Slaman decided to make a PowerPoint presentation to the city, methodically detailing each issue and its resolution, to prevent any hint of impropriety and maintain a high level of customer service. It's not uncommon, he says, for an installing security contractor to pursue thousands of extra dollars in additional work to make up for lost margins on a low bid.
"Senior project-level management with large municipalities and college districts know this nonsense goes on," he says. "They are hypersensitive to it.'
The city proceeded with the design changes as advised and the project continued on course to beat the contractual 55-day deadline.
But not before a considerable impediment was dealt with. Work on mounting the four additional cameras underneath the platform bridge proved especially challenging, bearing in mind costs associated for missing the deadline would amount to $2,500 per day.
"Every time a train was approaching work had to stop immediately," Jara says. "If we were on a lift, we had to get the lift back down. There were a lot of interruptions that weren't part of a standard installation.'
On average the crew worked fitfully in 30-minute increments: The contract called for hiring an attendant who blew a whistle signaling each successive work stoppage. Thirty minutes on the job was followed by 10-15 minutes of downtime, continuously, until the work was completed.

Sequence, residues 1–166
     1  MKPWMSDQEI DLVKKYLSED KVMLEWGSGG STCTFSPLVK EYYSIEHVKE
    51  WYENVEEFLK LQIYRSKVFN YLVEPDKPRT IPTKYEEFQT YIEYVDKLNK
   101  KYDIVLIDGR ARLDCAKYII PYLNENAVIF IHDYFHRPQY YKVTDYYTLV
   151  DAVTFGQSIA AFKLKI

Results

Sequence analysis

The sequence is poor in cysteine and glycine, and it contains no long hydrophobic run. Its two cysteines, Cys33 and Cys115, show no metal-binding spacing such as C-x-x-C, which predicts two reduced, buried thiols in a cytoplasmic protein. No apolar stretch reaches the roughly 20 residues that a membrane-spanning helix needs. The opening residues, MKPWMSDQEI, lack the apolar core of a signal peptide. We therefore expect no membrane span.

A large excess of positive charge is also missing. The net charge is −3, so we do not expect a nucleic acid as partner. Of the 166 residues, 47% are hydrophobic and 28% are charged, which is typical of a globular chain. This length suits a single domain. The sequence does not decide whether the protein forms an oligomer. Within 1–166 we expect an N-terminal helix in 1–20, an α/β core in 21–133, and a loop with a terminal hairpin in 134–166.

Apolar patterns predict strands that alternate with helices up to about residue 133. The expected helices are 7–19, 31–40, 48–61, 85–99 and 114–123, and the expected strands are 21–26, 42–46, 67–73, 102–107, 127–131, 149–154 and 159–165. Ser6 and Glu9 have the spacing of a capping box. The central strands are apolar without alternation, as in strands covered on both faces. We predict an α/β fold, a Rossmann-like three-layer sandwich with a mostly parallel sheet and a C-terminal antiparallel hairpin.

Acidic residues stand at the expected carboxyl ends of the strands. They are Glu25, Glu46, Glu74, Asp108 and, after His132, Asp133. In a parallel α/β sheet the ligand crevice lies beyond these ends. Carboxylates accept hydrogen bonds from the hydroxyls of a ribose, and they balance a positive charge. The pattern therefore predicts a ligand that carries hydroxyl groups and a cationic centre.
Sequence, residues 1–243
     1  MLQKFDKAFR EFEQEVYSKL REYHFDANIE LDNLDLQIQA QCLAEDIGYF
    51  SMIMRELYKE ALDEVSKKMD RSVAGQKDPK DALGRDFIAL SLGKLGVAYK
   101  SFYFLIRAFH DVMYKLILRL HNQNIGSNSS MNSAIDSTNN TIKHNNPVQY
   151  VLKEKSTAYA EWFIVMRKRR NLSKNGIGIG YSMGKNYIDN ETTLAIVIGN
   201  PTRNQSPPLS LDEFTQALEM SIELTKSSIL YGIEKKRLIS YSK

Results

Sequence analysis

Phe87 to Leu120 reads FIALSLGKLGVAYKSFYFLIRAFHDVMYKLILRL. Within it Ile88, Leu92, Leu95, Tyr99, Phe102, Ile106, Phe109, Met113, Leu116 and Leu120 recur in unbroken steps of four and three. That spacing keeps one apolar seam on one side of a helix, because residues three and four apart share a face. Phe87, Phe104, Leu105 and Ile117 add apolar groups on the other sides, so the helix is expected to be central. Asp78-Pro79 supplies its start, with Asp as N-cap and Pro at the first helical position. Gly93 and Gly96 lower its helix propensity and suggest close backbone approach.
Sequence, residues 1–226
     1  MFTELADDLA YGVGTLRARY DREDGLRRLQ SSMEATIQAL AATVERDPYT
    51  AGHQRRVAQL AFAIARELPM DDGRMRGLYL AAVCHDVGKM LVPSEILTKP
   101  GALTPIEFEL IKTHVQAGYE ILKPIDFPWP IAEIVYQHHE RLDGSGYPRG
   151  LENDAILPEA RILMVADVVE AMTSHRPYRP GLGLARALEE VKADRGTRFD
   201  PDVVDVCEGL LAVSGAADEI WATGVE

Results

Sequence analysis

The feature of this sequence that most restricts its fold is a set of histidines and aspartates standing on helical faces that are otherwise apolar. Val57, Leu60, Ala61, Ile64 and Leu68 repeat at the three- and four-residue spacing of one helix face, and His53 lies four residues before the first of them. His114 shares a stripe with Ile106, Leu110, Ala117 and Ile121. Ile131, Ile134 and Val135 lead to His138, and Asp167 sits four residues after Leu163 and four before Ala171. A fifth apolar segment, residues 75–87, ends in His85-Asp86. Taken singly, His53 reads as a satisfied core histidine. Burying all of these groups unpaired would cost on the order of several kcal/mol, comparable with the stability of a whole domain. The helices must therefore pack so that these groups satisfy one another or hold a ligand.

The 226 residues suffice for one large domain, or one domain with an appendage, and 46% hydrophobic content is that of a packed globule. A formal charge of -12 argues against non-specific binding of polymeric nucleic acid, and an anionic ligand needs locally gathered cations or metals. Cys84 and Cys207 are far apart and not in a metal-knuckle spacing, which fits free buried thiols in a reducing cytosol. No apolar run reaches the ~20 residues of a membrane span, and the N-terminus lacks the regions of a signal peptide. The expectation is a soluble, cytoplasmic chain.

"If we fell behind on something, we strategized how we were going to resolve the issue and keep moving forward," Jara says. "It takes everyone's willingness to make that happen.'
The entire installation was finished on time with about one week to spare. Tyco Integrated Security could have formally requested more days to complete the work because of the issues outside of their control but chose to decline the option.
The project's success led to OCTA inviting Tyco Integrated Security to present at a symposium attended by representatives from six Orange County cities linked by a transit corridor. OCTA is studying the potential for connecting six transportation centers, including Irvine's, with an integrated security solution.
"We were managing for the customer's expectations on this project and wanted to make sure that we had a plan that was cohesive enough to come in below the deadline," Slaman says. "That was completely the focus point."
For more information on Tyco Integrated Security's Transportation Solutions call 1-866-865-4728.